Comment: Re:building municipal broadband is prohibited (Score 3, Informative) 160

by crunchygranola (#48852773) Attached to: A State-By-State Guide To Restrictive Community Broadband Laws

So if you support such nonsense, WHERE in the Constitution does it grant the Federal Government the power to regulate internet providers?

Its called the "commerce clause" and even "originalist" extraordinaire Anton Scalia has no problems with that (see his concurrence in Gonzales vs Rauch).

When you can show me an Internet system that only provides service within a state, and does not transmit packets across state lines, I will believe that that one particular system (but not others generally) should be free from Federal regulation. Otherwise the power to regulate interstate commerce in the Constitution provides the authority. This was uncontroversial in the 19th Century when the Interstate Commerce Commission was created (1886) to regulate railways, and did so within states, since they carried interstate commerce.

Comment: Re:Nothing has been lost! (Score 1) 290

by crunchygranola (#48824303) Attached to: Bitcoin Volatility Puts Miners Under Pressure

Could you imagine being a store that only sold their goods with Bitcoin? They would have to reprice their entire inventory every hour to insure that they are making a profit on what they're selling!

I can see it now. Target prices all of their merchandise in a fictitious store currency called "Target Dollars", and they have big marquee in the front of the store showing the current Target Dollar to Bitcoin exchange rate. And then when you checkout, you find out exactly how want bitcoins are required to walk out of the store with your purchase.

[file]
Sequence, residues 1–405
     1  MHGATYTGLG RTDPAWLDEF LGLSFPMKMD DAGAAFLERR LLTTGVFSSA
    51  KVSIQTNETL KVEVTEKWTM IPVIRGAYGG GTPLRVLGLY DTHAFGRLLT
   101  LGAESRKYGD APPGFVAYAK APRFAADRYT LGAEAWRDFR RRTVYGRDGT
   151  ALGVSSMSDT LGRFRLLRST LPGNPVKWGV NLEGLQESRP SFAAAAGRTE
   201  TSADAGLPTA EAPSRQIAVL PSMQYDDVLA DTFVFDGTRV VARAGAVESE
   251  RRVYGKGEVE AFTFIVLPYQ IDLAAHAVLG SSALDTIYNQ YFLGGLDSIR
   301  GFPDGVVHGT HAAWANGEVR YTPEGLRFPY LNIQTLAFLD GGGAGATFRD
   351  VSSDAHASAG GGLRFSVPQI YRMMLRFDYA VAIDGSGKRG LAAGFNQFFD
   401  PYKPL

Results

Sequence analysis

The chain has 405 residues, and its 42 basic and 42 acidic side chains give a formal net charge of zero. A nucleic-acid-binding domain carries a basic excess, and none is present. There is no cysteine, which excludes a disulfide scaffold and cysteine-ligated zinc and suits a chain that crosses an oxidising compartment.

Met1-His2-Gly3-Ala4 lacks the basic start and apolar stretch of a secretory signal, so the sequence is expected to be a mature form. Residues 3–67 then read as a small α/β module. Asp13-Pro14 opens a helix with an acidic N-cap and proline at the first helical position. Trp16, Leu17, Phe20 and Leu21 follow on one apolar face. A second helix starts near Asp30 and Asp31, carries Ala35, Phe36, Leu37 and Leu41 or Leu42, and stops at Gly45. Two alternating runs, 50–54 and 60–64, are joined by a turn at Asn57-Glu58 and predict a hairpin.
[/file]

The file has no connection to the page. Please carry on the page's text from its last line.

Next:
Comment: Re:Power Grab (Score 1) 417

by crunchygranola (#48814427) Attached to: Obama Unveils Plan To Bring About Faster Internet In the US

You can find an even more intrusive example, endorsed by none other than 'Mr. Originalist' Anton Scalia himself in Gonzales v. Raich (2005) in which the Supreme Court held that medical cannabis grown at home by a patient for her own exclusive private use (also at home) was properly regulated by the Federal Government (i.e. prohibition enforced), despite state law to the contrary, due to the interstate commerce provision.

This case was rather similar to the Wickard case, which Scalia also explicitly endorsed in his concurrence.

Comment: Re:Power Grab (Score 1) 417

by crunchygranola (#48813685) Attached to: Obama Unveils Plan To Bring About Faster Internet In the US

The internet, like TV, radio, telephones, telegraphs, etc., is prima facie a medium for interstate commerce,

No, it's not. The wires crossing state lines are "prima facie" a medium for interstate commerce. The wires within a state have nothing to do with interstate commerce because no products or services move across state lines over them.

Wow! Which state is it that has no 'products or services' from other states moving over its wires? That's as bad an Internet connectivity as North Korea, maybe worse!

Or perhaps it is because they reach an asymptotic limit at the state line, and become undefined? And are created ex nihilo upon entering the state? There are no wires that only exist between states but not within any of them.

Of course, logic has been thrown out the window since Wickard v. Filburn. After that, picking your nose in your basement might be considered "interstate commerce".

Based on the above, I would say 'logic' is not your strong suit here. And the bone you have to pick is with the 19th century, during the heyday of laissez faire, not 1942 and the New Deal (Wickard v. Filburn). Regulation of 'local lines' owned by companies that use them for interstate commerce has uncontroversial when the Interstate Commerce Commission was created in 1882 - it did exactly what you claim is illogical.